City passes resolution supporting stoplight camera systems
By Heather Graves
GREEN BAY – The Green Bay city council unanimously approved a resolution at its meeting Aug. 3 supporting state legislation permitting municipalities to utilize automated speed enforcement systems and traffic control camera systems.
“When it comes to traffic enforcement, the City of Green Bay needs an additional tool in the toolbox to enforce traffic,” District 12 Alderperson Jesse Brunette said. “Certainly, around intersections where there are schools and children and habitual speeders. we need to get this under control … What we are looking at is the safety of the people in our community.”
Currently, state law prohibits the use of cameras to automatically generate photographs of vehicles to detect traffic violations, such as speeding or running red lights, as well as the issuance of citations based on such photographs.
“I think it is important to emphasize to the public that we can’t make this decision by ourselves,” District 1 Alderperson Barbara Dorff said. “We have to get the law changed. So this is just the very first step in asking our Legislature to consider getting rid of that ban.”
According to the resolution, from 2016-20 there were 4,745 motor vehicle crashes in the City of Green Bay – including 24 fatalities and 259 crashes involving pedestrians and/or bicyclists.
The resolution also states speed was deemed the factor in those crashes more frequently than distracted driving or operating under the influence of drugs or alcohol.
“Obviously, besides the condition of roads, (speeding) is the number one complaint,” District 8 Alderperson Chris Wery said. “This past year I have gotten so many calls.”
District 9 Alderperson Brian Johnson said utilizing cameras could help the Green Bay Police Department.
“This allows for more efficient deployment of resources,” Johnson said. “The cost to install cameras or surveillance equipment that can be strategically deployed in certain areas is certainly going to be more cost-effective than the addition of traffic enforcement officers that can only be where they are.”
Interim Police Chief James Runge said there hasn’t been much discussion within the department about traffic enforcement cameras.
“We haven’t studied them real in-depth,” he said. “They could be an effective tool in select locations.”
Council members voted to refer two additional requests attached to the resolution discussion – to increase funding for moving radar units within police vehicles, and to increase the number of traffic enforcement officers – to the police department and mayor’s office for further discussion in connection with the 2022 budget process.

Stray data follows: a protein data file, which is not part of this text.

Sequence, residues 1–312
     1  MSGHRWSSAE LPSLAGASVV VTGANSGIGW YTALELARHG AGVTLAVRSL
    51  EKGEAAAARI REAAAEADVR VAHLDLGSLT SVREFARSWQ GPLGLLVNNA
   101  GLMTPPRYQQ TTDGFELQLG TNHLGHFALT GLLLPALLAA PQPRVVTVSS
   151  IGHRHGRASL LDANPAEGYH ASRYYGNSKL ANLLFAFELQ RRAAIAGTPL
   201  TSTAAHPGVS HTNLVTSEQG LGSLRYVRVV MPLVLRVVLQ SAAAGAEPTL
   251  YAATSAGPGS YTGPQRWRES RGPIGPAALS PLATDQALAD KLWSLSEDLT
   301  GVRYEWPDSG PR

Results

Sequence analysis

“What I would recommend on these two items is refer them to the new police chief (Christopher Davis) and the mayor’s office as they work on the 2022 budget,” Brunette said.
Runge said each squad car has a stationary radar gun, but it depends on each officer’s availability if they are utilized.
“It depends on the individual officer,” Runge said. “If they have the discretionary time and they park and use the stationary radar.”
District 4 Alderperson Bill Galvin said it’s wise to have Davis look at these topics.
“A group of us met with (former Police Chief Andrew) Smith, prior to the pandemic hitting,” Galvin said. “I had some numbers pulled on (traffic) enforcement action of officers in our department. Some of it was pretty disappointing and shocking as to how little some of them were doing (traffic enforcement). I think this is a discussion we have with the chief and a body of interested alderpersons that would like to meet with him. But I think before we start hiring more traffic enforcement officers or anything else… I can’t see spending a lot of money if it is just going to sit in the car.”
Runge said the department also utilizes mobile speeding boards.
“We have two or three that we move around the community… based on complaints and urgency,” he said. “We do try to address things as quickly as we can. The boards do work somewhat. We can send them a letter saying ‘Hey, you were seen speeding in this area,’ just as a warning.”
Alderpersons also approved a resolution supporting the creation of a nonpartisan procedure for the preparation of legislative and congressional redistricting plans.
The nonbinding resolution urges the Legislature to create a nonpartisan panel for redistricting voting maps with the 2021 census numbers.
District 7 Alderperson Randy Scannell, who brought forward the resolution, said it is meant to affirm residents’ support of a statewide, nonpartisan redistricting process.
The November 2020 ballot included an advisory referendum question asking voters for their thoughts on nonpartisan redistricting procedures.
In Brown County, it passed with 71.9% approval.